Paid Advertisement
Historynet/feed historynet feedback facebook link World History Group RSS feed World History Group Subscriptions Historynet Home page

Letter from Military History - January 2011

By Michael W. Robbins 
Originally published by Military History magazine. Published Online: November 03, 2010 
Print Friendly
0 comments FONT +  FONT -

A Fine Mess
In most areas of life, messiness is bad. No one celebrates a messy desk, a messy closet or messy work. And in military-speak, a messy uniform or a messy formation are certain to draw negative reactions from superiors.

But messiness is not necessarily a bad quality in history, including military history. Because human events and interactions are fiendishly complex, interconnected and even chaotic, historical accounts balance on a line of tension between accuracy and order. For the sake of accuracy, to include all the details, nuanced events and subtle connections may render a historical record unmanageably messy. But the more structure, neatness, generality—order—is imposed on those events afterward, the less accurate the historical account.

One might argue that people in all times and places feel what poet Wallace Stevens termed "a blessed rage for order," and certainly historians see their fundamental task as imposing some sense of order on what are almost always chaotic and ambiguous events. That's an understandable human impulse, perhaps driven by fundamental fears of the dangerous consequences of disorder. Those fears were prominent during the Renaissance and were frequently voiced by Shakespeare; in Troilus and Cressida, for instance, the Ulysses character says:

Subscribe Today

Subscribe to Military History magazine

But when the planets
In evil mixture to disorder wander,
What plagues and what portents, what mutiny?
What raging of the sea, shaking of earth?

For historians, the challenge is that in moving from fully detailed (and inevitably messy) historical accounts to a smoother, more generalized popular understanding of long-past events, most details are sloughed off, most actors are forgotten, most subtleties are simplified and much information is simply ignored. So a complex event is oversimplified and thus distorted into misunderstanding. What was once messy but accurate becomes orderly but wrong.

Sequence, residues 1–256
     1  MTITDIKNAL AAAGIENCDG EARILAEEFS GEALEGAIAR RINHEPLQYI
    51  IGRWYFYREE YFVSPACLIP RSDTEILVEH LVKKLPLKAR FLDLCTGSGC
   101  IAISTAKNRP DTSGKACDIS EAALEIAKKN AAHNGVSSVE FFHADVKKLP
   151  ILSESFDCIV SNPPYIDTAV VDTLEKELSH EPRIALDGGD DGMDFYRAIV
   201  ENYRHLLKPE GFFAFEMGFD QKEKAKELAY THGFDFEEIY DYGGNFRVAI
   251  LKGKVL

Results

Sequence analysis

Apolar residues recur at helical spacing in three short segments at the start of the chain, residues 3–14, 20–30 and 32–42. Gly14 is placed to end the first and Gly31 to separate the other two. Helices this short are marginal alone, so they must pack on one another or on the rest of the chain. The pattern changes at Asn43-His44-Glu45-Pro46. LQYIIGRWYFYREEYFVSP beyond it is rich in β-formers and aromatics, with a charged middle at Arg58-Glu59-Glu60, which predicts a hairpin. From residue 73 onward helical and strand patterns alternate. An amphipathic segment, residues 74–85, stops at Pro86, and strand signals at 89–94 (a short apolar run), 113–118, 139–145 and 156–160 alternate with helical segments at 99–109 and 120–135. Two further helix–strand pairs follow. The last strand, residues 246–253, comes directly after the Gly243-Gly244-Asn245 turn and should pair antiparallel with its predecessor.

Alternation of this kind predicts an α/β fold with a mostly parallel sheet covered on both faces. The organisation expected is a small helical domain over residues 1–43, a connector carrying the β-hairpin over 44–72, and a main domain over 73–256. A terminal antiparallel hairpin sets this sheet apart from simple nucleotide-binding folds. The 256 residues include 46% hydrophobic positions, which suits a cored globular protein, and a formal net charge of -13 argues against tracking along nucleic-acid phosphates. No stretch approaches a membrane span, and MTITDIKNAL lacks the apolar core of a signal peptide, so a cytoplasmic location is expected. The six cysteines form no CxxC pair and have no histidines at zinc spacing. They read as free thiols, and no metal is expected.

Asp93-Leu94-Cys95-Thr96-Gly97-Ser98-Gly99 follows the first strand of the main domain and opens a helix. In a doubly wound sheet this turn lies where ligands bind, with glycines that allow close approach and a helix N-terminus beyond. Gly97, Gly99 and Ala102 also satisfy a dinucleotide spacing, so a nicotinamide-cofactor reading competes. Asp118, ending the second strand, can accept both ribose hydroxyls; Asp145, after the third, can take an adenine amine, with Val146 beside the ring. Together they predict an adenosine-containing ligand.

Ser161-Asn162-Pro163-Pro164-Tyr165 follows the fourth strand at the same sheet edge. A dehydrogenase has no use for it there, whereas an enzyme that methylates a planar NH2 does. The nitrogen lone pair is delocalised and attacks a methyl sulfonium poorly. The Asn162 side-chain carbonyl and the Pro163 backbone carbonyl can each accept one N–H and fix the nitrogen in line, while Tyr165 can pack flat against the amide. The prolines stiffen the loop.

A compelling illustration of that accuracy/order tension is the host of important events, decisions, actions and words of the American Revolutionary War of 1775–83. The simplified version, as popularly understood, is that a whole continent of like-minded, wise, freedom-loving American patriots conducted an exemplary revolution against a tyrant king and his lowlife military machine and ultimately prevailed to the lasting benefit of all mankind.

The messy reality is that the Revolution was rife with internal conflict, and the motives, actions and beliefs of the participants on either side, Patriot or Loyalist, were far more mixed—to put it mildly—than many have long believed.

Leave a Reply

Human Verification: In order to verify that you are a human and not a spam bot, please enter the answer into the following box below based on the instructions contained in the graphic.

Related Articles

History Net Images Spacer
Paid Advertisement
Paid Advertisement
History Net Daily Activities
History net Spacer
History net Spacer
Historynet Spacer

Which of these wars resulted in the most surprising underdog upset?

View Results | See previous polls

Loading ... Loading ...
History net Spacer
RSS Feed Daily Email Update
History net Spacer
Paid Advertisement

Paid Advertisement
What is HistoryNet? is brought to you by World History Group, the world's largest publisher of history magazines. contains daily features, photo galleries and over 5,000 articles originally published in our various magazines.

If you are interested in a specific history subject, try searching our archives, you are bound to find something to pique your interest.

From Our Magazines
World History Group

World History Group Network:  HistoryNet | Armchair General | Achtung Panzer!
Today in History | Ask Mr. History | Picture of the Day | Daily History Quiz | Contact Us

Copyright © 2015 World History Group. All rights reserved. Reproduction in whole or in part without permission is prohibited.
Advertise With Us | Subscription Help | Privacy Policy